Of course, we know the ending to the movie because: (a) It's a chick-flick and they always have a happy ending; (b) Redford is a stud and he always gets the girl; or (c) The opening scene of the movie shows us the final resolution? If you guessed (c), you'd be right. With that in mind, why spend the next two hours watching the film when Demi's breasts can be seen in chapter two?

The Evidence

Overall, this is a marginal film that is intent on pounding home the message that these two people love each other, and that this love will help them overcome all obstacles in life. Aside from that continual pounding, my other problem with the movie is how much David freaked out after Diana spent the night with John. I realize that it is a perfectly logical (err, emotional) reaction to the situation, but it is just too much.

At the time, I recall there was a "great debate" about the movie and the indecent proposal therein. Here's my two-cents on this: (1) IF put into the position, I would thoroughly talk over the issue with my significant other; (2) We would both agree on what to do; (3) If "we" agreed to do it, then we would live with it, and I would hope that I wouldn't flip out like David did. A million dollars, for people in that position, would be a very great thing. Of course, I agree with Oliver Platt, I would have tried for two million if I had a woman like Demi.

Indecent Proposal is presented in anamorphic widescreen and is a very nice transfer. The video is clean with no dust, no grain, nor any artifacting to be seen (even considering tough night shots, rain scenes, and a fog scene); edge enhancement is kept to a minimum and is hard to notice unless you're looking for it. As for the color—and I am not sure if this is from the original print or not—but while the colors are accurate and present a nice flesh tone, they are muted and subdued. In three key scenes, the Vegas flyover and two sunsets, the colors are just not as bold and vibrant as you would expect.

Audio default is a 5.1 Dolby Digital Surround track. This track barely uses the rear speakers for any ambience, and I believe my subwoofer was used for about ten seconds; but this is not the type of movie to have an aggressive soundtrack. Overall, the audio is well presented from the front speakers with a clean, hiss-free track.

And, while on the audio track, I must comment on the score as written by John Barry. Barry wrote the soundtrack for Dances with Wolves three years before this movie. I am a fan of that movie and its soundtrack and am thus quite familiar with that piece of work. Unfortunately, Barry decided to rehash his John Dunbar Theme as the love theme for this film. Thus, every time I heard the love theme, which is quite often, I could not stop but think of Wolves instead. Very distracting!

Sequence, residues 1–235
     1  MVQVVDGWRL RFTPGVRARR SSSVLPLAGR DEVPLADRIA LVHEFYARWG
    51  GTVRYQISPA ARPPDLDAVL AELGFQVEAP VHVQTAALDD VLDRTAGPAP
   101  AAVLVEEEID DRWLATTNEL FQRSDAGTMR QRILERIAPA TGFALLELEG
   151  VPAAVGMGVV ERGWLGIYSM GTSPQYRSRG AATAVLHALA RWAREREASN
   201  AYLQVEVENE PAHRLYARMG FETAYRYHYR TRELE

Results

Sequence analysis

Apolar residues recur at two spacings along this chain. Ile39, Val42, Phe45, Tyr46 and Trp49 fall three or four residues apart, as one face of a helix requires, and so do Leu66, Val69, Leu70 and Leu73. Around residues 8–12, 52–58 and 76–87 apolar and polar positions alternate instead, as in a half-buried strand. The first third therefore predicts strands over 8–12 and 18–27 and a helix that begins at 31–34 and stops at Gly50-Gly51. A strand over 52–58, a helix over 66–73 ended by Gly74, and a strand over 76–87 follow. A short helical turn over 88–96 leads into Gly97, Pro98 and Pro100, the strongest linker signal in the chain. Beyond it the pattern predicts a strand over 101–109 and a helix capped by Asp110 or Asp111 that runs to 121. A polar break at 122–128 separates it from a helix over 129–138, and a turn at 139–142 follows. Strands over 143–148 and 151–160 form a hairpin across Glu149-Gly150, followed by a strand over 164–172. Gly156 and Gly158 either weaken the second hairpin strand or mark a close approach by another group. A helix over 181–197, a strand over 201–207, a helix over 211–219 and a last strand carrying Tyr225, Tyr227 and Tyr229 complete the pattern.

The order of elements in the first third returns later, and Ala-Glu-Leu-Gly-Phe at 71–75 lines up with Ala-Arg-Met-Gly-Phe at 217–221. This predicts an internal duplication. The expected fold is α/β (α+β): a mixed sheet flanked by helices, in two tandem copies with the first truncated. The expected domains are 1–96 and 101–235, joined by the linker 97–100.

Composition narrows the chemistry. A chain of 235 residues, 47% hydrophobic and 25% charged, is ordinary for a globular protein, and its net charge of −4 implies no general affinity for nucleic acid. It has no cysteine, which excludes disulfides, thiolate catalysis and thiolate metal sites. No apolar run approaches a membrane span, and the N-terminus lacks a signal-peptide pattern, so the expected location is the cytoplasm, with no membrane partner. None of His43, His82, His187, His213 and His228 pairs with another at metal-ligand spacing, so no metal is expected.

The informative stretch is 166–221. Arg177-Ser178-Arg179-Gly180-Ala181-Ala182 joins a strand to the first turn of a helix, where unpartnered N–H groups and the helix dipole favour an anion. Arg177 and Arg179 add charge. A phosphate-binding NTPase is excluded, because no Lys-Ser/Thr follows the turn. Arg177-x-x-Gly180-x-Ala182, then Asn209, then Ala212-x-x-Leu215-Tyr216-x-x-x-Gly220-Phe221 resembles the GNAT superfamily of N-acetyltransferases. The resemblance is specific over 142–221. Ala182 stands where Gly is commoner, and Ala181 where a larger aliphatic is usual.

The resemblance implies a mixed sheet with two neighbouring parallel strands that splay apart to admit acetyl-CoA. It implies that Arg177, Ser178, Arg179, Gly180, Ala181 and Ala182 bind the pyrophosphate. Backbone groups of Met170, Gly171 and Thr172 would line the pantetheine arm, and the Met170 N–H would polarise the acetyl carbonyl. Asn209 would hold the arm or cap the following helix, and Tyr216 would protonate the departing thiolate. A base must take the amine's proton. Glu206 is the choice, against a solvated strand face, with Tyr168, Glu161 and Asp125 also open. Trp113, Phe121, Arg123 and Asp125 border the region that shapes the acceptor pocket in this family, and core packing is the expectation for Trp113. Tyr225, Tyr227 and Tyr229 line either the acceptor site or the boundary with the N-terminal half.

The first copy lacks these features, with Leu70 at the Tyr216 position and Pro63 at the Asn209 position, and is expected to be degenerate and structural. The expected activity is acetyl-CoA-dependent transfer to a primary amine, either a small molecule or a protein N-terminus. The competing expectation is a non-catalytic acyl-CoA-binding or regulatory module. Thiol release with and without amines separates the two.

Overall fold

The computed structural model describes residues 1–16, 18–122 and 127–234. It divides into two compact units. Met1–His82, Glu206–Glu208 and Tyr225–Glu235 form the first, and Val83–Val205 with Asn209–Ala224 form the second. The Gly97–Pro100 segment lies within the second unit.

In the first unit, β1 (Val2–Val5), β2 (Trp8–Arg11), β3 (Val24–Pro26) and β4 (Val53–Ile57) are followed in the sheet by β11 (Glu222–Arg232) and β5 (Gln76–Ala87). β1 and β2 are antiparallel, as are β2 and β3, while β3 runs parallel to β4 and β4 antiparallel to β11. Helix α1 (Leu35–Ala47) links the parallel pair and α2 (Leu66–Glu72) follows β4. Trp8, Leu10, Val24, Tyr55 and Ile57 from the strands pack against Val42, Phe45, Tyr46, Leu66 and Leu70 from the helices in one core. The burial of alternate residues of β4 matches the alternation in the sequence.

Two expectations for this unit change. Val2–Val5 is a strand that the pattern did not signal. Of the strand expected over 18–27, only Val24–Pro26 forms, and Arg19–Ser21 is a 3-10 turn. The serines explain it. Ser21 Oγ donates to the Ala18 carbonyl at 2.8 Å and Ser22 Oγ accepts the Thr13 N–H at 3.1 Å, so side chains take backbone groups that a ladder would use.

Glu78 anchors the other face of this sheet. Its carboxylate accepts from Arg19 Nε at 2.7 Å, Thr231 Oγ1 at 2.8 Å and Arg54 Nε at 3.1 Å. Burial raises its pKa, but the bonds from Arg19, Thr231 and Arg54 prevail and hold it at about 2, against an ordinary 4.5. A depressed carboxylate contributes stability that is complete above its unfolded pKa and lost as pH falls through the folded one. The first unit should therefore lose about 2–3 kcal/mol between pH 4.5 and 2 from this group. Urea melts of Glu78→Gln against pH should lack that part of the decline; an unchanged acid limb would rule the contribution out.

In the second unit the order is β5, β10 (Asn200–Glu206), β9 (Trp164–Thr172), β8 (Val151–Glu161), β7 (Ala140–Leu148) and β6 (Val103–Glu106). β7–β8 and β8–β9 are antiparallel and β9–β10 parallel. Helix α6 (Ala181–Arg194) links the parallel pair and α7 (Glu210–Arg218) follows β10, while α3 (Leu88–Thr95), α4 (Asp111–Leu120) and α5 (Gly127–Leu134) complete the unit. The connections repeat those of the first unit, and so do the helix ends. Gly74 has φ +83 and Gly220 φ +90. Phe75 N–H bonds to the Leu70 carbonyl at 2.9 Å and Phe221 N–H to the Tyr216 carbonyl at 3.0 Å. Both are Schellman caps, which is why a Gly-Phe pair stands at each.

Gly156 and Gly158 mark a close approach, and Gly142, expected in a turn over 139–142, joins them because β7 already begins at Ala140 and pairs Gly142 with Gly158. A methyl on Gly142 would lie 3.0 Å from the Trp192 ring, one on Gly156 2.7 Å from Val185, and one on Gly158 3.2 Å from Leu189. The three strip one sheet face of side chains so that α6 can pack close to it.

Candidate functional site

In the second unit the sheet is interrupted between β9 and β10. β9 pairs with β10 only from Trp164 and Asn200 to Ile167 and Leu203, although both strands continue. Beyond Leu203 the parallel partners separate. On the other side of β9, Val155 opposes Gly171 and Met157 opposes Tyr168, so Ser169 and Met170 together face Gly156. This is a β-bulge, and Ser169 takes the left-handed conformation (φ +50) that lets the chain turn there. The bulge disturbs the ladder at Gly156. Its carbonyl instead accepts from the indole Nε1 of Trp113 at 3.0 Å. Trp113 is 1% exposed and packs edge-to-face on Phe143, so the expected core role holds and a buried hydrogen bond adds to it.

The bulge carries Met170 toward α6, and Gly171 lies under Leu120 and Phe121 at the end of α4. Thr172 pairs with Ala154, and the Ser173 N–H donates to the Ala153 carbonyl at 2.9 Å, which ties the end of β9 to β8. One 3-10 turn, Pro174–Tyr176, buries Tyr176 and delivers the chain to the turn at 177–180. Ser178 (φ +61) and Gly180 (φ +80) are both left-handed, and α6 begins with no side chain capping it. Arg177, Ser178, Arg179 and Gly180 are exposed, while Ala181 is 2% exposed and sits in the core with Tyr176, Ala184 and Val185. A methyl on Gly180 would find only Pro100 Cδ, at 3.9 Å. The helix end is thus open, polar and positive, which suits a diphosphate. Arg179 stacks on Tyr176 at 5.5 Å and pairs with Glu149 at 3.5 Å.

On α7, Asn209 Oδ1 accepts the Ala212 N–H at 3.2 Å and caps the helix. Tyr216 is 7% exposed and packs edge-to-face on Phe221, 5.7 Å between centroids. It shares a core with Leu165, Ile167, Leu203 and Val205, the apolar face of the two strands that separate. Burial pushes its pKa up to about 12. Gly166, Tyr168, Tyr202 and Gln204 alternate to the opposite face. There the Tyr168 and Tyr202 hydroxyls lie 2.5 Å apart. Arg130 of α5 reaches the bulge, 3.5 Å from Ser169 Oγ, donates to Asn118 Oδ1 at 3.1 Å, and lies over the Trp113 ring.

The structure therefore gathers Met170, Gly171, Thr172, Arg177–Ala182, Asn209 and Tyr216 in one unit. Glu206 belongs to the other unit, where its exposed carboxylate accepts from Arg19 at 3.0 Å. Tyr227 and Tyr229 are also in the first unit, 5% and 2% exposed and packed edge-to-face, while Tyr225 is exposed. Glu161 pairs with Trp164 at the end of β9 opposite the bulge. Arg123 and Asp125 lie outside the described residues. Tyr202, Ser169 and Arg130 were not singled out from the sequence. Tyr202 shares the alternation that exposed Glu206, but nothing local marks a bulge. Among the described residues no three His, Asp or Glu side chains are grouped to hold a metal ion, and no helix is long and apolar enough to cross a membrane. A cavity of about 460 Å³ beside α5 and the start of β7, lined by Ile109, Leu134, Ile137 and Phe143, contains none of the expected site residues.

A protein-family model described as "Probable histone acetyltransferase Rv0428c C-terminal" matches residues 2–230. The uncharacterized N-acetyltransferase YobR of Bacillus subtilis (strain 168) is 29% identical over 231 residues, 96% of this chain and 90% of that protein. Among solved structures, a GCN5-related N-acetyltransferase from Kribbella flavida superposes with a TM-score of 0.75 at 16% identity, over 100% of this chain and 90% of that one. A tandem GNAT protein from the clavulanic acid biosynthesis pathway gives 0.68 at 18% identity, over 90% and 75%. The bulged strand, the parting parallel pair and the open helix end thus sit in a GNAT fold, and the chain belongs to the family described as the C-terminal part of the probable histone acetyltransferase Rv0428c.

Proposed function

As for bonus features, being a Paramount release, this is pretty much yet another bare bones release. The only special feature is an audio commentary by director Adrian Lyne (Fatal Attraction, 9 1/2 Weeks, and Flashdance). His commentary is not very exciting but does occasionally garner an interesting gem about the movie. He is very quiet through most of the movie, which means there are significant gaps in his commentary. When he does speak, he does talk about the story, the characters, and some behind-the-scenes stuff and not a technical analysis of the film—though he does like to mention which shots he likes better than others. Some of the most interesting tidbits involve the money used during the scene sex in Vegas and how he "relates" to John Gage's subway story. Quite interesting is the IMDb factoid about that same scene. I presume both could be true, but it's one of those things that make you go hmmm. On a side note, I just happened to be reading the latest issue of Entertainment Weekly and they mention that Lyne's first words for his commentary on Fatal Attraction are "I have the worst memory." Surprisingly enough, that's how he starts his commentary here.

The Rebuttal Witnesses

While everyone does the best they can with the material presented, this movie is nonetheless ridden with many of the standard love story clichés. There is potential in the general story idea, as evidenced by the 1992 Honeymoon in Vegas, but it doesn't manifest itself in this film.

Closing Statement

I cannot recommend this disc. The movie is not that compelling to sustain itself for multiple viewings. Couple that with the lack of extras, and there really is no reason to add this to your collection. At best, this disc could be a nice rental for a date.

Further, please let me skip the opening FBI statements (especially the French version) and such. I'm surprised studios haven't figured out a way to make us not be able to fast-forward past the warnings on VHS tapes too. Also, what's up with the MPAA warning at the beginning of the movie? I think by the time we rent or buy a disc, we're already familiar with the rating and don't need to be reminded.

The Verdict

Paramount is sentenced to 24 to 99 months for releasing yet another bare bones disc for the hefty price of $24.99. They should hang their heads in shame for their continued abuse of DVD.

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Scales of Justice

Video: 90
Audio: 85
Extras: 10
Acting: 85
Story: 65
Judgment: 70

Perp Profile

Studio: Paramount
Video Formats:
• 1.85:1 Anamorphic
Audio Formats:
• Dolby Digital 5.1 Surround (English)
• Dolby Digital 2.0 Surround (English)
• Dolby Digital 2.0 Surround (French)
Subtitles:
• English
Running Time: 116 Minutes
Release Year: 1993
MPAA Rating: Rated R
Genre:
• Drama

Distinguishing Marks

• Audio Commentary with Director Adrian Lyne

Accomplices

• IMDb